Kyle T. Mays is an Afro-Indigenous (Saginaw Chippewa) writer and scholar of U.S. history, urban studies, race relations, and contemporary popular culture. He is an Assistant Professor of African American Studies, American Indian Studies, and History at UCLA. He is the author of Hip Hop Beats, Indigenous Rhymes: Modernity and Hip Hop in Indigenous North America.
His new book, An Afro-Indigenous History of the United States, is published by Beacon Press. He will be discussing his new book with special guest, Paul Ortiz, as part of our City Lights LIVE! virtual events series on Tuesday, November 9th, 2021!
Where are you writing to us from?
I am writing from Atlanta, Georgia.
What’s kept you sane during the pandemic?
My dog, Chicha, and cat, G$ (shout out New Jack City), and writing have kept me sane. I take my dog out every day to a dog park and she gets to run wild. It allows me to get some fresh air and to think about what I have to write. I am then able to write down what I was thinking for an hour. However, G$ quickly reminds me that I owe him attention by jumping on my lap, impeding my ability to write until I pet him. Then they religiously beg me for snacks, and so I oblige. So I’m in a routine, but they always keep me grounded.
What books are you reading right now? Which books do you return to?
I am currently reading Not ‘A Nation of Immigrants’: Settler Colonialism, White Supremacy, and a History of Erasure and Exclusion a Nation of Immigrants by Roxanne Dunbar-Ortiz; Capital Volume I, by Karl Marx,The Color Purple by Alice Walker, and Prison by Any Other Name: The Harmful Consequences of Popular Reforms by Maya Schenwar and Victoria Law. And I’m looking forward to reading Geneva Smitherman’s, My Soul Look Back in Wonder: Memories from a Life of Study, Struggle, and Doin Battle in the Language Wars, forthcoming in January 2022.
The book I return to is the Autobiography of Malcolm X. I read it every summer. And when I don’t feel like reading it, I watch the movie directed by Spike Lee and performed masterfully by Denzel Washington or the Make It Plain documentary about Malcolm X. Give me all of the Malcolm X things!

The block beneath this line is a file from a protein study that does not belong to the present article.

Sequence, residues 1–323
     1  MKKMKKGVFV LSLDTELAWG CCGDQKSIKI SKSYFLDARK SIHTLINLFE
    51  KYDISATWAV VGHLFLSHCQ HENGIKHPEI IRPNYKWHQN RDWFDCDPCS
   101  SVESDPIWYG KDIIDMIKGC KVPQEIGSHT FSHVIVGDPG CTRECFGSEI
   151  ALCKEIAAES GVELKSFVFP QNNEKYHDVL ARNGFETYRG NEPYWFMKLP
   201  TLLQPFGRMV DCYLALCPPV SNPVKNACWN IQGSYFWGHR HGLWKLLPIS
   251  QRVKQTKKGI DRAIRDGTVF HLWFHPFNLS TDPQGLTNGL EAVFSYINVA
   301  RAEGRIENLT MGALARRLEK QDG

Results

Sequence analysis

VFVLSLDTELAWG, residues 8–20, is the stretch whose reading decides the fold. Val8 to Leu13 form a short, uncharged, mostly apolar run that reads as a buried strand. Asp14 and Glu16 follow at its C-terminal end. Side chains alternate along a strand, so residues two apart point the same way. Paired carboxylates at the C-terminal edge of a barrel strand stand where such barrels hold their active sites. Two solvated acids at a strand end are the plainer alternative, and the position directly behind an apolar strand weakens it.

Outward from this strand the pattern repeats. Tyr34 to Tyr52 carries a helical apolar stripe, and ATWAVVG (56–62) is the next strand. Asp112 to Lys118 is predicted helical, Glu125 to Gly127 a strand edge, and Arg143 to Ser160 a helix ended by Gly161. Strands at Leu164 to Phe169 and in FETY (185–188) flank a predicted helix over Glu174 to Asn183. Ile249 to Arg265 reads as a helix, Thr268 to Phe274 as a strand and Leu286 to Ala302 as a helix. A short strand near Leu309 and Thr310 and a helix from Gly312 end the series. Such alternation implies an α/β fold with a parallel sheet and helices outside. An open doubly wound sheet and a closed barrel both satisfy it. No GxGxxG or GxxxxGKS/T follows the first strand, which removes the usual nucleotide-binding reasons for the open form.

Which writers, artists, and others influence your work in general, and this book, specifically?
My writing influences vary, and they change depending on what I’m writing. But to name a short list, here we go: Geneva Napoleon Smitherman, Robin D.G. Kelley, Vine Deloria Jr., Jay-Z (even though he doesn’t write!), and the writers from HBO’s Insecure and The Wire. As a writer, I’m very much interested in not just understanding the writing process from books, but also how writing is performed in media. Music impacted me for this book, too. So, shout out to Aretha Franklin, Anita Baker, Megan Thee Stallion, New Edition, and lots of music from the new jack swing era!
If you opened a bookstore, where would it be located, what would it be called, and what would your bestseller be?
I don’t have a particular city or place, but it would have to be in a hub where there are lots of Black and Brown young people with heavy foot traffic, in an urban environment. I would be like Lewis Michaux, who ran a bookstore in Harlem for decades. He provided much of the reading material for generations of activists and intellectuals, including Malcolm X. I would call it Medicine Bear Books, named after the former school my aunt Judy founded in Detroit. It would be a hub for critical thinking and place of refuge from the everyday indignities of white supremacy. The bestseller would be my book, An Afro-Indigenous History of the United States, of course!